Several projects investigating nanotechnology have delved into the uptake of ENPs through plant roots. Very few, however, have studied the role of stomata, the tiny pores in plant leaves that allow for respiration.
“The stomata can be quite large relative to ENPs,” Zhang said. “Stomata may be a few microns in diameter, whereas the nanoparticles may be just a couple hundred nanometers. Since 1,000 nanometers equals one micron, it’s not hard to see how the ENPs could enter through that pathway.”
In stage two, the team will evaluate how a series of different food processing washing conditions affect the ability of the plants to soak up ENPs. The outcomes may differ depending on the temperature or the type of sanitizer used.
Finally, after researchers pinpoint the optimum wash water composition, the produce will be cleaned in a processing line where the team will measure the removal of ENPs. This step will ideally allow the group to make food processing recommendations.
“We are in the stage of gathering information,” Zhang said. “Once we get a good idea as to the concentration of ENPs in the plants, we can begin to quantify the potential risks. But it’s important to understand the scale we’re talking about when we refer to nanotechnology. Just because something is present doesn’t mean it’s automatically harmful. That’s why we need to perform risk assessments. This technology has great potential, and it’s our duty to use it responsibly.”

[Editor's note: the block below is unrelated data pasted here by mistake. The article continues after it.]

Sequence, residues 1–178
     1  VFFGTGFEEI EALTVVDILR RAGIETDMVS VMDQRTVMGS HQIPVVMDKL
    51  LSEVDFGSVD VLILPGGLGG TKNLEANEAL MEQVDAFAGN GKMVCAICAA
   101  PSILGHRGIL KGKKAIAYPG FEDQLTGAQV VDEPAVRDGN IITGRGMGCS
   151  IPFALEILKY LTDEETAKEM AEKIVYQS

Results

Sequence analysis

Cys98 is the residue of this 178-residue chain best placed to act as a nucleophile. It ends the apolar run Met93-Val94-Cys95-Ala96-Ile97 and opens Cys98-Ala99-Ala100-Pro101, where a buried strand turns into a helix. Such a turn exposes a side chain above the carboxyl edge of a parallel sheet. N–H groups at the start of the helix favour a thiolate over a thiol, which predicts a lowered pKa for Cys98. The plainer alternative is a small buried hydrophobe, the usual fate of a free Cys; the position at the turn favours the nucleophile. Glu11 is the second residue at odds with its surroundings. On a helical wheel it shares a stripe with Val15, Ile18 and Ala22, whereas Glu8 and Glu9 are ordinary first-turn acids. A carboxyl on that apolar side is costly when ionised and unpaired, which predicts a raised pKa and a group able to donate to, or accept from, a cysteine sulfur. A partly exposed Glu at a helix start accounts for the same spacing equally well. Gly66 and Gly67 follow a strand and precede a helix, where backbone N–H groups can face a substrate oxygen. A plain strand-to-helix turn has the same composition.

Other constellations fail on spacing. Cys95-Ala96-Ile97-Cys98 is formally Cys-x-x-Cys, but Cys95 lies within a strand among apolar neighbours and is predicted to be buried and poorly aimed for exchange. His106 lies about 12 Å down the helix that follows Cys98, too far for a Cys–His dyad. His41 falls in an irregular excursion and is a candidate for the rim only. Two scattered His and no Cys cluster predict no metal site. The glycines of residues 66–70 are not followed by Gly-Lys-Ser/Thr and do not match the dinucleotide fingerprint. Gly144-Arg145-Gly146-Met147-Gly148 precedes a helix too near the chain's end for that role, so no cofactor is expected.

Leveraging MSU's toxicology expertise
MSU is home to a plethora of accomplished food safety and toxicology researchers. To further capitalize on that, university leadership established the Center for Research on Ingredient Safety (CRIS) in 2014.
Michael Holsapple, the CRIS director, has held various positions within academia and the toxicology industry throughout his 30-plus year career.
“MSU is uniquely equipped to offer a powerful voice to the food safety conversation,” said Holsapple, who is also the endowed chair for CRIS. “CRIS can identify the most pressing issues associated with ingredient safety. Because CRIS operates as an independent academic center, we are committed to providing the public with a science-based, unbiased source for information to enable evidence-based decision making.”
CRIS is working in collaboration with more than 20 food, beverage and personal care product organizations, as well as the Grocery Manufacturers Association, on issues such as nanotechnology and its impact on food safety. The focus of CRIS is founded in research, communications and training.